Dragon Ball Xenoverse Review

Dragon Ball Xenoverse is something of a mixed bag. Developed by Dimps, the creators of what I pretty much regard to be the greatest Dragon Ball Z game ever: Budokai 3, I had high expectations for Xenoverse. In some ways it’s a good Dragon Ball Z. With heavy RPG elements, the ability to create and customise your own character, and a storyline that doesn’t just retread over old ground, but puts a new spin on things due to time travel shenanigans, there’s much about Xenoverse to appeal to Dragon Ball Z fans. Unfortunately, the game suffers from a highly basic combat system and a lack of polish that prevents the game from becoming truly great.

Dragon Ball Xenoverse, rather than just letting you play as familiar heroes in another recap of the storyline, offers a rather refreshing change. Your player created character; of which you can make Humans, Saiyans, Namekians, as well as Majin Buu’s and Frieza’s races, has been summoned by Future Trunks to join the Time Patrol. Commanded by the Supreme Kai of Time, the Time Patrol are an elite group of fighters responsible for travelling through time and ensuring that history follows its correct path. When mysterious new villains start interfering with Dragon Ball Z history and tipping the scales so that the villains begin to win, your character is tasked with stopping them, restoring history, and preventing the collapse of the universe. The result, while still largely following the events of Dragon Ball Z, is a novel change of pace, and offers some tantalising glimpses into some what if scenarios.

For a number of reasons, I’d describe Xenoverse as more an RPG with a fighting game style combat system, rather than a fighting game that has RPG elements. Similar, but distinctly different. I imagine that Xenoverse was more than a little inspired by the Asia only MMORPG Dragon Ball Online. Aside from sharing a similar time travel storyline, Xenoverse has character creation, level progression with the allocation of stat points, buying equipment and costumes to kit out and boost your stats; and collecting skills and techniques for your character to use. It’s based around a hub city that you can roam around, buy things, interact with other online players, and go on single player and cooperative multiplayer “Parallel” quests, which are sidequests that offer experience, money, equipment and skills to unlock. Indeed, there’s not even a main menu from which you can select story mode, or quick battle, or tournament mode, instead it’s all operated out of Toki-Toki City, the storyline’s main hub.

As an RPG, Xenoverse works quite well. There’s something immensely satisfying as a Dragon Ball Z fan to be able to create your own character, customise them with elaborate costumes and skills from the main series, and then levelling them up to become ever more powerful, as you travel through time and punch villains in the face. It’s some fanfiction style wish fulfilment stuff, and I mean that in the best way possible. Creating my own Saiyan character, naming him, training under Krillin, Piccolo, and Vegeta, equipping him with the Destructo Disk and Galick Gun, unlocking Super Saiyan mode and making him one of the strongest fighter’s in the Universe? Like I said: immensely satisfying as a Dragon Ball Z fan.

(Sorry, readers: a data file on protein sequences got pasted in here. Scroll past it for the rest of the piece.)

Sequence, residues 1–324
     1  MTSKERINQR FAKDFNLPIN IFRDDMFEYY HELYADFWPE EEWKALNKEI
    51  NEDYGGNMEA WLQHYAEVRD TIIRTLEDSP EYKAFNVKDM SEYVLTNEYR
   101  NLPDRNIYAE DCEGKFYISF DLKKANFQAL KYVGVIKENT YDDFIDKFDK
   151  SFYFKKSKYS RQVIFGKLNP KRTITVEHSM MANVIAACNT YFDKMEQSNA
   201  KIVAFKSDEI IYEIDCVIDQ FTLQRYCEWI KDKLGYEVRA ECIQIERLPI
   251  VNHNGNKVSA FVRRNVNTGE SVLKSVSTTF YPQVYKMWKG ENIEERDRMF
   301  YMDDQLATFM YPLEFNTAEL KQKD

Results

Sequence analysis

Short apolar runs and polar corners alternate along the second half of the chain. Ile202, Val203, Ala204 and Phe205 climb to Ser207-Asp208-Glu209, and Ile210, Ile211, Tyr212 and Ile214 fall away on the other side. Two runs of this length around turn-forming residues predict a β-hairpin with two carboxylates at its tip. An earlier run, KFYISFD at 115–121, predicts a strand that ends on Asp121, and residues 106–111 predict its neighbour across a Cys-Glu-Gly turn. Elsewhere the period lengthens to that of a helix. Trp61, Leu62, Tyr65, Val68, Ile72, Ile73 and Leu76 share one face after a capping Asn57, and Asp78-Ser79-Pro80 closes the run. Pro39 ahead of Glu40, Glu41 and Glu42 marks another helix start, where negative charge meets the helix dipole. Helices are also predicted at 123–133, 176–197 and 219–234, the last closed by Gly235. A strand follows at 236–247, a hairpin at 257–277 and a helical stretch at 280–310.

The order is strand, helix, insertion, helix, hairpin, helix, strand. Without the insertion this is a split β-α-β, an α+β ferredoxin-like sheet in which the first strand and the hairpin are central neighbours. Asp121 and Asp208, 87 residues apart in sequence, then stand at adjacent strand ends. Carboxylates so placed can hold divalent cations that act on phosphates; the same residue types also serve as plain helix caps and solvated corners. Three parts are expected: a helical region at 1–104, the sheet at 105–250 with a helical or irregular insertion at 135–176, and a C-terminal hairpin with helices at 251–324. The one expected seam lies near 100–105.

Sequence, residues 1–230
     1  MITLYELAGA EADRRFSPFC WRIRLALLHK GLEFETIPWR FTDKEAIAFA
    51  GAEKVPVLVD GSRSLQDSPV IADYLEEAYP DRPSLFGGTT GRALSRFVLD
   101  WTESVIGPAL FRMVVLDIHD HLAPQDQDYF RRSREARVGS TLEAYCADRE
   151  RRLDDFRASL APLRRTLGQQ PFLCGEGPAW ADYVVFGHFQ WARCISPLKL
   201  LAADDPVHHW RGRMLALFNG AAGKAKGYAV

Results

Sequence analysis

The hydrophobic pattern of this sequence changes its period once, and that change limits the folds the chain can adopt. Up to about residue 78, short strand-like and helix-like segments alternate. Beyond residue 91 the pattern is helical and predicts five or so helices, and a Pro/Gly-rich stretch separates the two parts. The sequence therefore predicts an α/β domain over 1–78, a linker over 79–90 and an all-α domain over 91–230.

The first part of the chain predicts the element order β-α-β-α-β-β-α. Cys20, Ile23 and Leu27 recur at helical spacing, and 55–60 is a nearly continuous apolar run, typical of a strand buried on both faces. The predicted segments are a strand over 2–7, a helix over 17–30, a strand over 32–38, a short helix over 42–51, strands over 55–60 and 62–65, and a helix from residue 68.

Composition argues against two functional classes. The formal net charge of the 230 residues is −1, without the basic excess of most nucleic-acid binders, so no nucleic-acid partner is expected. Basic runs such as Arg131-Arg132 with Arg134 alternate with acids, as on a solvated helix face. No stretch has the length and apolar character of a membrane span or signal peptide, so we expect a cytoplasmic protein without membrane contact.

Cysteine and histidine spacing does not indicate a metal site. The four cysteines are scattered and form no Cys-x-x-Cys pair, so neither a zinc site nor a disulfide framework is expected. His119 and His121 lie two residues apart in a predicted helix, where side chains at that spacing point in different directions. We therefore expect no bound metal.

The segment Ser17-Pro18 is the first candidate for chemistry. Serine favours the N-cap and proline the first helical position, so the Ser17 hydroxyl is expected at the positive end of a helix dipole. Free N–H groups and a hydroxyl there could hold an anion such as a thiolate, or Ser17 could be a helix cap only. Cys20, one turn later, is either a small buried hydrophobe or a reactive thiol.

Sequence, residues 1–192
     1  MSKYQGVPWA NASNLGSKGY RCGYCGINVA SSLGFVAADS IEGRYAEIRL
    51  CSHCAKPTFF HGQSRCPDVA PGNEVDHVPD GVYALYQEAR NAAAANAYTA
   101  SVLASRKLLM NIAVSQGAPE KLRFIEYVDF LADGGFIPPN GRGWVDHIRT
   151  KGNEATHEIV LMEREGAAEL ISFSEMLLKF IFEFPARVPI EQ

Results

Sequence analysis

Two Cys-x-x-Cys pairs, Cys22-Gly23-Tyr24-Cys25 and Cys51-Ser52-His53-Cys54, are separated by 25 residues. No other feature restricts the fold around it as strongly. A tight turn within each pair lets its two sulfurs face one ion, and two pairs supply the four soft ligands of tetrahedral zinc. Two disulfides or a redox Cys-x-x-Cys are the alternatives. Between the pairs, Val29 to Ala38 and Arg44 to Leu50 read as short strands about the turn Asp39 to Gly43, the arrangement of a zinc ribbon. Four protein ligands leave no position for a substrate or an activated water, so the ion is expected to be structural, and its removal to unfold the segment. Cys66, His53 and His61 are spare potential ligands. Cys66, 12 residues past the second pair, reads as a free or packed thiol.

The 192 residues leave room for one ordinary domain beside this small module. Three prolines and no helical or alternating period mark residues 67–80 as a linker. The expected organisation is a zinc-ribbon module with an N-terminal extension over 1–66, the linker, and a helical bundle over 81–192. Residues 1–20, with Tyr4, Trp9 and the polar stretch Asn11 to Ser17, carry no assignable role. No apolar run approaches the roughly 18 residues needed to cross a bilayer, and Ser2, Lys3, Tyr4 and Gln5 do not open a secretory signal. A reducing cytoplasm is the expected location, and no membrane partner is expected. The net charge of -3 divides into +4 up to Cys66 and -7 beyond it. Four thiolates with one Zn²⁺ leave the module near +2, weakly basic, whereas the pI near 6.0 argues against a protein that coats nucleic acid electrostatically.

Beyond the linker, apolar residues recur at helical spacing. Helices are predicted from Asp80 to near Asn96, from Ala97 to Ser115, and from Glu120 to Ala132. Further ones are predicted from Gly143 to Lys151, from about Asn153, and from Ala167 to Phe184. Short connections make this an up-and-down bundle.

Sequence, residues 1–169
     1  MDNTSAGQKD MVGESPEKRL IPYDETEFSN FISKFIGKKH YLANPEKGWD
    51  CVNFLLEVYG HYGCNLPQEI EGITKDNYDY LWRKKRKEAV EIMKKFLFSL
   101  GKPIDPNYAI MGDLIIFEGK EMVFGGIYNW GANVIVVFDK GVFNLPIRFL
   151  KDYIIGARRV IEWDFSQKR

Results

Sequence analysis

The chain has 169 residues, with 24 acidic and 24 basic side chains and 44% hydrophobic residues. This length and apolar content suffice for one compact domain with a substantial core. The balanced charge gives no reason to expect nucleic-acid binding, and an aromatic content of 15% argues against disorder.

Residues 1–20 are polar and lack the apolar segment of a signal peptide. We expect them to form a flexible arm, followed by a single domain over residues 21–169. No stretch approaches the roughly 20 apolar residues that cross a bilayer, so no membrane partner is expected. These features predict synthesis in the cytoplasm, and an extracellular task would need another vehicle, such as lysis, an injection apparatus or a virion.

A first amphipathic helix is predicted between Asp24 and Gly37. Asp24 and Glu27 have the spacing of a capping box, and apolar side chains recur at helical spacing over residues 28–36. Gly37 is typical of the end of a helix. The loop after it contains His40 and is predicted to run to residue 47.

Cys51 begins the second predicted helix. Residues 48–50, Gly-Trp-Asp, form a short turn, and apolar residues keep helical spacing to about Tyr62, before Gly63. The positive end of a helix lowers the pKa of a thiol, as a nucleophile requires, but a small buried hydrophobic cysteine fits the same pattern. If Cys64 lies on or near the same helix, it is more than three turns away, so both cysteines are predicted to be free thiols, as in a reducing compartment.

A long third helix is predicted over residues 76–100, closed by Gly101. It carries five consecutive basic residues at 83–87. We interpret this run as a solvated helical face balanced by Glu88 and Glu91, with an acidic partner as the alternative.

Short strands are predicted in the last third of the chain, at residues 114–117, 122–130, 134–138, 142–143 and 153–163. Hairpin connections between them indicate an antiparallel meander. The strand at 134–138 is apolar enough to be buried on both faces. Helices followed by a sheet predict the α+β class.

It’s highly unfortunate then, that the game is let down so much by the fighting system. It’s disappointingly simplistic. Fights are repetitive and lack finesse. Rush them, smack them around and then either knock them to the ground or hit them flying. Or, hit them with a special attack once you accumulate enough energy to use them. The defensive options are also rather limited, particularly against multiple opponents, which makes more than a few fights in this game unfair. Being rushed at by multiple enemies, with others blindsiding you, with a camera that often doesn’t know what the hell it’s doing, is an exercise in frustration. Coupled together with some truly drastic difficulty spikes, the rather loose and unbalanced combat system means that side quests and level grinding are hugely necessary. There’s only so much you can accomplish with your own skill at the game. Now, granted that Xenoverse is very much like an RPG, that’s fine. All RPG’s require some side questing for fun and profit. The only problem is that the poor combat means that there’s often little fun to be had as you spend hours grinding for stat points and trying to amass a collection of skills that’ll actually be useful in whatever fight you’re currently stuck at.

The game looks and sounds quintessentially Dragon Ball Z, with an art and sound direction that captures the feel of the original series. There are some decidedly spotty parts in the presentation of the game that lack polish though. Mistranslations, the wrong name being attributed to dialogue bubbles, and other minor problems are apparent, occasionally baffling, and sometimes unintentionally hilarious for their mistakes.

Dragon Ball Xenoverse remains one of the most exciting Dragon Ball games I’ve played in years. With the ability to create and customise your own character, RPG style progression, and a new and interesting time travel storyline, there’s plenty of appeal for the Dragon Ball Z fan. Unfortunately, the simplistic and repetitive fighting mechanics drag down the whole experience, making Xenoverse a far better role playing game than a fighting game.

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